Letters and Manuscripts — Volume 1 (1844 - 1868)


Lt 11, 1866

White, J. E.



Previously unpublished.

Dear Edson:

I will write only a few lines. I feel bowed down under a weight of sadness which seems near crushing me. But still my only consolation is in clinging to the Lord. He will not leave me if I do not leave Him. 1LtMs, Lt 11, 1866, par. 1

Edson, my dear boy, I am anxious on your account. I pray for you fervently and believe that God’s Spirit will operate upon your heart, and if you will listen to its teachings you will give to God your undivided affections and serve Him because you love His service. I cannot endure the thought that you are out of Christ, that you are not a thorough Christian, exemplifying in your life the character of Christ. Should you be now snatched away and lie down in the grave, I could not feel that you were prepared. 1LtMs, Lt 11, 1866, par. 2

Edson, you must not be indifferent to eternal things. Your salvation is of more consequence to you than any earthly attainments. I don’t want you merely to have a name of being a Christian, like some I might mention in Battle Creek, but I desire you to be a sincere follower of the meek and lowly Jesus. Christ died for you, and after He has so dearly purchased redemption for you by His own blood, how ungrateful and cruel in you not to accept the salvation thus freely given. 1LtMs, Lt 11, 1866, par. 3

Oh, how anxiously have I looked forward to the time when you would be an ornament to the cause of Christ. How long, Edson, before you will give yourself unreservedly to God? Write me the exercises of your mind. Speak freely, for I am more interested in this important subject than in anything pertaining to your temporal interest or attainments. Write me at Hubbardsville. 1LtMs, Lt 11, 1866, par. 4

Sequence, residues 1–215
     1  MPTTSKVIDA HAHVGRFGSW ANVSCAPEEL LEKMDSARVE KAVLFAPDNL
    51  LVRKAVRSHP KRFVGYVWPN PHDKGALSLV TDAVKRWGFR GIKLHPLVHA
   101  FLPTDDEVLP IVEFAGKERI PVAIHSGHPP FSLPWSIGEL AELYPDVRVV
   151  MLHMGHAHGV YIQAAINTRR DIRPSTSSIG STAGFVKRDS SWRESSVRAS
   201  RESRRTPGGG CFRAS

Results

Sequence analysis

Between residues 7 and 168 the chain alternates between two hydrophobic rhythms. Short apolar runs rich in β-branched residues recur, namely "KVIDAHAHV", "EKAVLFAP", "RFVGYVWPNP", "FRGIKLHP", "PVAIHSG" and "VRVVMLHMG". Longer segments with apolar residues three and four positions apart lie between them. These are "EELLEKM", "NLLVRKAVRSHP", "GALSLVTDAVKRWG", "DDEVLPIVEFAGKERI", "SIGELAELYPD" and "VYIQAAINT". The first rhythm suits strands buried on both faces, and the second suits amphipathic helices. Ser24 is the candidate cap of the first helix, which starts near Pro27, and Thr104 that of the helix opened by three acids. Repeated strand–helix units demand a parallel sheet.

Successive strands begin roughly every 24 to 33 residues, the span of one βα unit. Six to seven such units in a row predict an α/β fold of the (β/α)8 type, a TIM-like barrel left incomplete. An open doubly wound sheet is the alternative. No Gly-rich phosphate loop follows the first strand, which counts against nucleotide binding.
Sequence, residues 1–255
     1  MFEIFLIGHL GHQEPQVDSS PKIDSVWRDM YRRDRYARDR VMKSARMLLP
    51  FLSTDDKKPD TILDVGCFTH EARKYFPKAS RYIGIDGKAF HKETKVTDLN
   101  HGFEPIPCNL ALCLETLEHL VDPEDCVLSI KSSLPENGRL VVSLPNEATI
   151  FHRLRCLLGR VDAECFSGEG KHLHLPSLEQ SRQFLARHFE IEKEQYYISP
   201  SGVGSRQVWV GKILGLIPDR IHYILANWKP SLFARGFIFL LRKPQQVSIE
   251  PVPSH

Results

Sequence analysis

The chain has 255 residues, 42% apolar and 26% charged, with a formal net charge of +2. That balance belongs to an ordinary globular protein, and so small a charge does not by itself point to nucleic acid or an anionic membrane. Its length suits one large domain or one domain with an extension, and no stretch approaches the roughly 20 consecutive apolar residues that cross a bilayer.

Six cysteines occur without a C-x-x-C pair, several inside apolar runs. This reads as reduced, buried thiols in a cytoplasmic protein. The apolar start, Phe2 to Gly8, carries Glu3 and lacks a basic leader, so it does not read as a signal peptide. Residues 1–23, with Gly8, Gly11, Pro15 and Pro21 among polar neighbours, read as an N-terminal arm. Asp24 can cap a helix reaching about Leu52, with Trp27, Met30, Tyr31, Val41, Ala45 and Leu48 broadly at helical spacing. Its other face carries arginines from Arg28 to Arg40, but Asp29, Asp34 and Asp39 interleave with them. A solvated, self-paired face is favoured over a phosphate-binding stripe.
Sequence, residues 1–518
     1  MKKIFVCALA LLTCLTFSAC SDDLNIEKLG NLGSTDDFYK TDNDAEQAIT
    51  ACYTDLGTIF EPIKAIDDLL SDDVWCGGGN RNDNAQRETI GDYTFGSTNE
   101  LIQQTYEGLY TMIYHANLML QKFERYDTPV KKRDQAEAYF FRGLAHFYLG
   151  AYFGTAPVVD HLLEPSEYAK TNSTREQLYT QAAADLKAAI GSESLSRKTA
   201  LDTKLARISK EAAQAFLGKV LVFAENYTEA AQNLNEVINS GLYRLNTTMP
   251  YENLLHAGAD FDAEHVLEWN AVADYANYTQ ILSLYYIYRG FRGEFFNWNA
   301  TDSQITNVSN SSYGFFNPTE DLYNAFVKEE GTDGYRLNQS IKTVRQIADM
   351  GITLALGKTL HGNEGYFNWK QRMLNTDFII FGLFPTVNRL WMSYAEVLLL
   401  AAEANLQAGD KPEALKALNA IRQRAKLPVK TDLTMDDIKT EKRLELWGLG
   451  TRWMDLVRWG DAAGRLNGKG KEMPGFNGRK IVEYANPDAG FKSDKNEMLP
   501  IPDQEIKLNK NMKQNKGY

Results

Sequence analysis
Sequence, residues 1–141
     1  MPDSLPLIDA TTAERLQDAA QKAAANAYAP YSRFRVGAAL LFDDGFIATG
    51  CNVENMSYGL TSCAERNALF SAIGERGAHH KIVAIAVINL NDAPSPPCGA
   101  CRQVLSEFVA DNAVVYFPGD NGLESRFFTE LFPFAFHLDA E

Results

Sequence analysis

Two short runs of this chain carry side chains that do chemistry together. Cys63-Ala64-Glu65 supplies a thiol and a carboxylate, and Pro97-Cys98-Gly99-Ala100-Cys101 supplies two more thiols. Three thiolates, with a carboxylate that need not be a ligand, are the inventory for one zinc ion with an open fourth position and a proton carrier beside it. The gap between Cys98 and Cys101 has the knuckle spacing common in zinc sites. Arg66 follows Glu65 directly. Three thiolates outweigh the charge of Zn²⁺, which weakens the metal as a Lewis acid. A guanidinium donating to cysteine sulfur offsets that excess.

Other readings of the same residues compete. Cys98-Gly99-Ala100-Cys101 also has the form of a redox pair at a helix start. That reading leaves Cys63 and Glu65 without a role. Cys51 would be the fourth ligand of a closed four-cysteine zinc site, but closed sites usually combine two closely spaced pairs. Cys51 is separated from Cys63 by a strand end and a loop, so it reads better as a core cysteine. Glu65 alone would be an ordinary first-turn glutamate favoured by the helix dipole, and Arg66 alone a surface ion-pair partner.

If you have anything to say to your father, where you have not been as tender of him as you should, do your duty and let nothing remain unsaid that ought to be said, that you will be distressed about after it is too late. 1LtMs, Lt 11, 1866, par. 5

Write me fully. I received your letter with account of your expenses. You are surrounded with temptations but, Edson, be true to correct principles. Take a noble, elevated course and remember that you must not be influenced by others, but occupy a position to influence others to take a straightforward, manly course, and not in any way or manner pursue a course which will reflect discredit on the cause of truth. Let all your course of conduct be to elevate others. Stand free from every wrong influence. Stand for the right and remember that you are a Christian. 1LtMs, Lt 11, 1866, par. 6

I hope all things are attended to right in Battle Creek, that we shall not have what little we possess there going to destruction. If you can write me any particulars about matters there, do so by all means, for I am troubled and perplexed about matters. Do write to your father. Has he written to you? I want that perfect union should exist between you. I cannot endure to have it otherwise. Poor Father; I do not think he can live. 1LtMs, Lt 11, 1866, par. 7

I may return to Battle Creek before long. I don’t know what to do. I am perplexed and troubled; but I find comfort in trusting in God. 1LtMs, Lt 11, 1866, par. 8

Stephen has gone to look at a farm in Ashfield, and we expect him back today. 1LtMs, Lt 11, 1866, par. 9

In much love, your Mother. 1LtMs, Lt 11, 1866, par. 10